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Ways to protect your price when negotiating a sale

Whenever we have to negotiate a sale, we confront the fact that sellers and buyers naturally disagree about price, based on the endowment effect. Science has demonstrated a bias among owners to over-estimate the value of any item they possess. This bias does not make the potential buyer correct, but it ought to give the seller pause. Your buyer is very unlikely to accept your initial offer, all other issues being equal. Fortunately, science is also showing us some ways to better protect the seller's price. 

Harvard Business Review: Why Buyers and Sellers Inherently Disagree on What Things Are Worth, 2016-May-13 by  Carey K. Morewedge

One effective tactic is to direct the attention of buyers and sellers to the information that they ignore. Asking buyers to first think about the valuable attributes of the good they might acquire leads them to value the good more. Asking sellers to first think about what else they might do with the money they would receive—the opportunity cost of owning the good—seems to also reduce the price they demand to give up what they own.

Another effective tactic is to change the reference price that people use to evaluate the good. When buying or acquiring a good, one might remind sellers of cheaper alternatives, like used versions of the same good or similar more economical goods. When selling or trading a good, one might remind buyers of more expensive alternatives to what one is offering.

A third tactic is to get buyers to touch, hold, or imagine owning the good. Experiences like interacting with a product through a touchscreen, receiving a coupon for it, or temporarily being the highest bidder for it in an auction all have the potential to induce the endowment effect for the product if they make us feel like we own it.

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Why we can't think our way through a pricing challenge--we have to experiment

While I find it easy to remember that pricing is part of the product, I forget that you probably can't reach the correct price without some experimentation. So the best way is to produce various configurations of the product and see which one appeals to your target audience. 

It is impossible to demonstrate the value of your product without a clear communication of its price. 

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Fluxx Studio Notes: The first rule of pricing is: you do not talk about pricing, 2016-Apr-18 by Tom Whitwell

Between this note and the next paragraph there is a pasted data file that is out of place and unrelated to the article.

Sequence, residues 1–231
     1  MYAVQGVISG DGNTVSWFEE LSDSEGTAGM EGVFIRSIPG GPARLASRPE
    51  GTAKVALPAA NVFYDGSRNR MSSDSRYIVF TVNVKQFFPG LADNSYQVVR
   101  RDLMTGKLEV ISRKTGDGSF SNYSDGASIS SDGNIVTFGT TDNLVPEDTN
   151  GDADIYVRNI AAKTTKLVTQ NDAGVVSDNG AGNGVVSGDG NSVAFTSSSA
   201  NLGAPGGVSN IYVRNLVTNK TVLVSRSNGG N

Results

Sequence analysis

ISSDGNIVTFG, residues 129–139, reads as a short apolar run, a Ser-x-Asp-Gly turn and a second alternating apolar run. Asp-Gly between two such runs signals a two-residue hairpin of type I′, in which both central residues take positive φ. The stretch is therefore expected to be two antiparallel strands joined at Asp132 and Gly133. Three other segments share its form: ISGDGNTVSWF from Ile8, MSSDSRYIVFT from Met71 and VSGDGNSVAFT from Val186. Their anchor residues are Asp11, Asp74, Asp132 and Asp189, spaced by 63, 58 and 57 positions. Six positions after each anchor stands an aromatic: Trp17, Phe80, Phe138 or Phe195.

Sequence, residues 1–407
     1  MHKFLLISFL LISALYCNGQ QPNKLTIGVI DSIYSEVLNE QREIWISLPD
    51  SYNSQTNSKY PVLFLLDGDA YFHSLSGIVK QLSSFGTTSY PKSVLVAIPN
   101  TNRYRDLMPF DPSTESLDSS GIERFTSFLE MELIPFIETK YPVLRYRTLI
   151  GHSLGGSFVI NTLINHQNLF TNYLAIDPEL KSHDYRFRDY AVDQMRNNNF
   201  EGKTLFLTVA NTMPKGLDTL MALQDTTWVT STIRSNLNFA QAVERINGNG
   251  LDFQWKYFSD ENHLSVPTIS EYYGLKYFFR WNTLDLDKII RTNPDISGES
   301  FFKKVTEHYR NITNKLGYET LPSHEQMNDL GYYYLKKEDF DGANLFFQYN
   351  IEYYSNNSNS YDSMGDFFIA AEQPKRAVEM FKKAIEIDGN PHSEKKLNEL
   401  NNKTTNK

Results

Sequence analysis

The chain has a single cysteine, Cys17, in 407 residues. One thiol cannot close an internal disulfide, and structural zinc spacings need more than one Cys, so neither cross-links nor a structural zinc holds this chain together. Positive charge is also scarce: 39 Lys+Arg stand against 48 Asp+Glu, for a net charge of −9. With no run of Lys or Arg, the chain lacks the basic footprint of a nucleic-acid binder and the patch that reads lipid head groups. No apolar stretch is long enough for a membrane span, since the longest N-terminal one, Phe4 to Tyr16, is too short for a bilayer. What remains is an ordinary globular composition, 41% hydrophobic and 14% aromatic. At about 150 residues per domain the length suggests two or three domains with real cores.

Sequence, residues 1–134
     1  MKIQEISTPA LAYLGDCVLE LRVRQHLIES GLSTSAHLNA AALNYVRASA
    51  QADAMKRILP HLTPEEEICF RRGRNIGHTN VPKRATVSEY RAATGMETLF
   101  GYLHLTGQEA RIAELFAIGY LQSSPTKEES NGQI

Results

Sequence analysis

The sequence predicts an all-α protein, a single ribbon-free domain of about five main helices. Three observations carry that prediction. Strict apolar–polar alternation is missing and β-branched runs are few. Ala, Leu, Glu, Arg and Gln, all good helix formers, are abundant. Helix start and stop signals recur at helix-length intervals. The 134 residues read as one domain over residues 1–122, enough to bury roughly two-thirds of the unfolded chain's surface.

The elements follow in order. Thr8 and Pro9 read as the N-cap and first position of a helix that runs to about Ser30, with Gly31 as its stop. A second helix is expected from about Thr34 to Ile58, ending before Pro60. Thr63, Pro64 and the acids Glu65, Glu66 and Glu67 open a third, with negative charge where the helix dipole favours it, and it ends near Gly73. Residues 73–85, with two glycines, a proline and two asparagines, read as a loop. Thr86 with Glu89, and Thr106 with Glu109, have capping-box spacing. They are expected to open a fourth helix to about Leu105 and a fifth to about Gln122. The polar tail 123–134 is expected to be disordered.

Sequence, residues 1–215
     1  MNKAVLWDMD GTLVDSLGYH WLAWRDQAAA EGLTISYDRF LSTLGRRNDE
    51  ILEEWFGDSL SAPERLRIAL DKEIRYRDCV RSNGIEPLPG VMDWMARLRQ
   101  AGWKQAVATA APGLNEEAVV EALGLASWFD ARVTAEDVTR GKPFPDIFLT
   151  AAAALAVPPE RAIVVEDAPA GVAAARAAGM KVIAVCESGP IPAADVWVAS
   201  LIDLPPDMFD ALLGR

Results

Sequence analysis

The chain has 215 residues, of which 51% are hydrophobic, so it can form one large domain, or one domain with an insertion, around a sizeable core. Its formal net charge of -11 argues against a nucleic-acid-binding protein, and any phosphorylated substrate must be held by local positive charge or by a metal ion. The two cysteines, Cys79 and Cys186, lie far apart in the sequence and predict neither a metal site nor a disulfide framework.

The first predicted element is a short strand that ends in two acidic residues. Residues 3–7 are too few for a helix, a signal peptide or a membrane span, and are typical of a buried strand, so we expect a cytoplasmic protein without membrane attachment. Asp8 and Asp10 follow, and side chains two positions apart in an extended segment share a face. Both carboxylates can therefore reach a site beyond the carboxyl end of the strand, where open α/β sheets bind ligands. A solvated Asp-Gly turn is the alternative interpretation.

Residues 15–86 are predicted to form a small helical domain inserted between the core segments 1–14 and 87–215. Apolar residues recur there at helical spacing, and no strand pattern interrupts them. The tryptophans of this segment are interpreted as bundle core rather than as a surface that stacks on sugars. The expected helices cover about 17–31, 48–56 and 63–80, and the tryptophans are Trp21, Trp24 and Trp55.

[Whitwell's excerpts have been slightly edited and emphasized to make them easier to read. The full article is highly recommended.]

  1. It's tempting to talk to customers about price. Your customers—real or potential—will certainly have views about prices that they are keen to share. Ignore them. 

  2. As human beings find it almost impossible to think rationally around pricing. Because of this, as human beings, our own thoughts about pricing are likely to be almost useless.

  3. Experiments are the only way to make sense of it all.

Price is the crudest, and most subtle, message you can send about your product, so it’s worth getting it right.

Whitwell also points to this excellent blog post about pricing:

LeanBlogs: Why You Should Never Ask Customers What They'll Pay, 2013-Sep-10 by Ash Maurya

Principle 1: Pricing is Part of the Product
Suppose I place two bottles of water in front of you and tell you that one is $0.50 and the other $2.00. Despite the fact, that you wouldn’t be able to tell them apart in a blind taste test (same enough product), you might be inclined to believe (or at least wonder) whether the more expensive water is of higher quality.

Here, the price can change your perception of the product.

Principle 2: Pricing Determines Your Customers
Pricing doesn’t just define the product but also your customers. Building on the bottled water example, we know there are viable markets at both price points. The bottle you end up picking defines the customer segment you fall in.

Principle 3: Pricing is Relative
In their seminal book on Positioning – The Battle for the Mind, Al Ries and Jack Trout describe the concept of a product ladder which is how customers organize products into a mental hierarchy. Your job is understanding what alternative products occupy the top 3 spots in their mind. These alternatives provide reference price anchors against which your offering will be measured.

Alternatives can be real or extrapolated. In both cases, they help when applying the relativity principle.


How to be entrepreneurial in writing for customers, even if you're not in a startup

First, just start answering your customers, sharing things with them. Then worry about how to organize and edit what needs to be said and how to style it. Stephanie Hay, a 'content strategist' with Capital One was recently interviewed about why so many companies have so much trouble generating 'engaging content.' See her excellent remarks quoted below. 

Her recommendations reminded me... 

  1. Content is a made-up word to describe what goes into all the holes in our web sites and newsletters. 'Generating content' is a made-up occupation by managers who don't know how to share information with customers. Informing and answering our customers is the priority, not 'generating content.'